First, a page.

And---which is more---you'll be a Man, my son!

Friday, June 22, 2012

A Hotel Room of Her Own -- Every Day for 10 Years

Joy Brinker


I think most of us can identify with unexpectedly finding ourselves in a situation when we thought it would be temporary, but then, time passes and it evolves into something else we never thought it would, and then it becomes permanent.

When I first read the headline on this story, I thought: "How could someone live in a hotel for 10 years?"  But then I read the story and I got it.

We say that everyone grieves differently and that we should respect the different ways people deal with their grief, but when we actually see someone who really does forge their own path, a path that is so different from what we know, do we feel comfortable with it?  Usually not.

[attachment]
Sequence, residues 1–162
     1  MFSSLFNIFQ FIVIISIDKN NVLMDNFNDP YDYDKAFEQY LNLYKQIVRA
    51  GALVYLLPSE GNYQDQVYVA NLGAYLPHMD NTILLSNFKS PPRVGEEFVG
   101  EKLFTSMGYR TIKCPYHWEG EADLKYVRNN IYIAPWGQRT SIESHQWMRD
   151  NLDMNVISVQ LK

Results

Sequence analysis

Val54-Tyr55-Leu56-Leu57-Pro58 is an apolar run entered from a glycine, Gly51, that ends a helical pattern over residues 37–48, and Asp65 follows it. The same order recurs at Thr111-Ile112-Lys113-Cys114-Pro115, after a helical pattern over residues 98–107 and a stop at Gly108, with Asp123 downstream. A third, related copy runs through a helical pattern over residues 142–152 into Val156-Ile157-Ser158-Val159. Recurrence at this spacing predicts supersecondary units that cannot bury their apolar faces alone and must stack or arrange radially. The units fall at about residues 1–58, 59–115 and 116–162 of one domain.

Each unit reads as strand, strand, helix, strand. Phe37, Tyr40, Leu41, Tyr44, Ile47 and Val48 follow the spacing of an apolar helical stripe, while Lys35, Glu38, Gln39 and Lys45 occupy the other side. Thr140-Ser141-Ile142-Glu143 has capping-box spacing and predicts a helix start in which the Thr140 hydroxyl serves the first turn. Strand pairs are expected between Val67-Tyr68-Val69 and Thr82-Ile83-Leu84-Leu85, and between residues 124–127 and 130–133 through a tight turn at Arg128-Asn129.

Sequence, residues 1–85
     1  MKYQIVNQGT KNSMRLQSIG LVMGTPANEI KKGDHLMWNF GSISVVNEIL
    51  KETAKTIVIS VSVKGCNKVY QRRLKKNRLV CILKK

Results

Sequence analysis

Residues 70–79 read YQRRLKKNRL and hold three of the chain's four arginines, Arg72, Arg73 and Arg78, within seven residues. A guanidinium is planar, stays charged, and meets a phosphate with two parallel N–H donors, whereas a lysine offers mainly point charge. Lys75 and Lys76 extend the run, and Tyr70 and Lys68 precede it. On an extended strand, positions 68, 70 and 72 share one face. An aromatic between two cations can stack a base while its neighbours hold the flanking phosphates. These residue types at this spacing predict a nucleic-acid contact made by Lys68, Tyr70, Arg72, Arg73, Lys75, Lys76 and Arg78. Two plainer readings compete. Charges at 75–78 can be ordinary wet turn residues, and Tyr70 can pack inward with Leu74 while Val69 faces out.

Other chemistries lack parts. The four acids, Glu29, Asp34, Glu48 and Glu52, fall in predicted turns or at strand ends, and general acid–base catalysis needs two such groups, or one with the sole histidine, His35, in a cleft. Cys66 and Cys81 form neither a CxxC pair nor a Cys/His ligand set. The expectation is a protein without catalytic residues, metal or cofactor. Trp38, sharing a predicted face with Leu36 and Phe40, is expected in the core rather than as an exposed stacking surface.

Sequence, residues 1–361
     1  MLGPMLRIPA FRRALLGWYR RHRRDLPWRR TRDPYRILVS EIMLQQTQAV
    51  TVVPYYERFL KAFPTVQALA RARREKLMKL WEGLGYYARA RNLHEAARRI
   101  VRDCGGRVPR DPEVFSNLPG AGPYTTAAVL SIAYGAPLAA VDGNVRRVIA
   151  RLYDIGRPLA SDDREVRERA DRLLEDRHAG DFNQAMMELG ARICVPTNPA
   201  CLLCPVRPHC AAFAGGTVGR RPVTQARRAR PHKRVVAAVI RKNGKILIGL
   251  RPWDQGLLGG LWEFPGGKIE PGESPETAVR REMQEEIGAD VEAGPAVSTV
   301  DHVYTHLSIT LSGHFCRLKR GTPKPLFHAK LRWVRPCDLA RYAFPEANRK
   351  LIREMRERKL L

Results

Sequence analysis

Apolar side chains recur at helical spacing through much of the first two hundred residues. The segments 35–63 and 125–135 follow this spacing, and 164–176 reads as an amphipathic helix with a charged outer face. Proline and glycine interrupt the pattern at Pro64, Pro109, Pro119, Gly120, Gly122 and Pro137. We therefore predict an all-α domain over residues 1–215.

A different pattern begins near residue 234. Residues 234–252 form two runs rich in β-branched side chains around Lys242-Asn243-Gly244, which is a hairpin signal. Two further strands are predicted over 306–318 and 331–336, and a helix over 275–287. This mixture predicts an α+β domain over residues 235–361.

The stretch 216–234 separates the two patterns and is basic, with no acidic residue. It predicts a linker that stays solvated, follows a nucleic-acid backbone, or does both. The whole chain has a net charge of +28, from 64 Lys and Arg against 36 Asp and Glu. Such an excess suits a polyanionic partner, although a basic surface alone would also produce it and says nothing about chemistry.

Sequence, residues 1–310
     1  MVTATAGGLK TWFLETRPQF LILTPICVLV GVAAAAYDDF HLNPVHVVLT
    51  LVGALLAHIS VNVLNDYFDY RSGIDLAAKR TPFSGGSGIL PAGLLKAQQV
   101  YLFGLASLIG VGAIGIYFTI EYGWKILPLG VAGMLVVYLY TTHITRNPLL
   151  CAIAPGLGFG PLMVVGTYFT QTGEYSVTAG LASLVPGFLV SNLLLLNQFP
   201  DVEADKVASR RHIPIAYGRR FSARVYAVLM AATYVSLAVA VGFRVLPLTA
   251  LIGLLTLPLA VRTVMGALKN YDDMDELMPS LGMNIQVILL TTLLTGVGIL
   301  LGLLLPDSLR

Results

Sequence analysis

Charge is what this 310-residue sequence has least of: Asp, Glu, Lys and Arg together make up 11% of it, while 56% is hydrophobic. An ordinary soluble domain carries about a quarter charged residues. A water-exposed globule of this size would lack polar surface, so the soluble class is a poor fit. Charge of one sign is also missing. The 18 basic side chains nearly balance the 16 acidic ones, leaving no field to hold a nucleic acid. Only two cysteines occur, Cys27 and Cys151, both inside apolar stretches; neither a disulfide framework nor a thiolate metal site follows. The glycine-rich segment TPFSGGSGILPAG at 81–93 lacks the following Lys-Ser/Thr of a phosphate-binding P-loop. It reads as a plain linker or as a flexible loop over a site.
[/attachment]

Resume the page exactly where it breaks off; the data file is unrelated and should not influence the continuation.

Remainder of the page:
I give Joy Brinker a lot of credit for moving from New Hampshire to the Washington, DC area to find a new job after her husband died.  Leaving a familiar place after a loss is very hard and maybe she moved because she didn't want to be reminded every day of how her life had changed.  So Joy moved and found herself a new job.

I think Joy was looking for security and stability after her husband died.  In the beginning, she might have told herself that she was going to take this new situation a day at a time.  But then the days turned into months and the months into years.  She found herself on her own and I think she decided she was perfectly happy with the new life she made for herself.  Joy's hotel solution is unusual, but the important thing is that she was able to take care of herself and she was happy.

Here is Joy Brinker's story as published in the Washington Post:

A hotel room of her own — every day for 10 years

By , Published: October 26, 2011

The Washington Post

Joy Brinker certainly tested the limits of the "extended stay" hotel.  Ten years ago -- on August 4, 2001 -- she checked into the TownePlace Suites by Marriott in Falls Church.  Only now is she finally checking out.

On Wednesday, Joy sat in Room 202 in an armchair — about the only piece of furniture that’s actually hers — and tried to explain why anyone would choose to live in a hotel.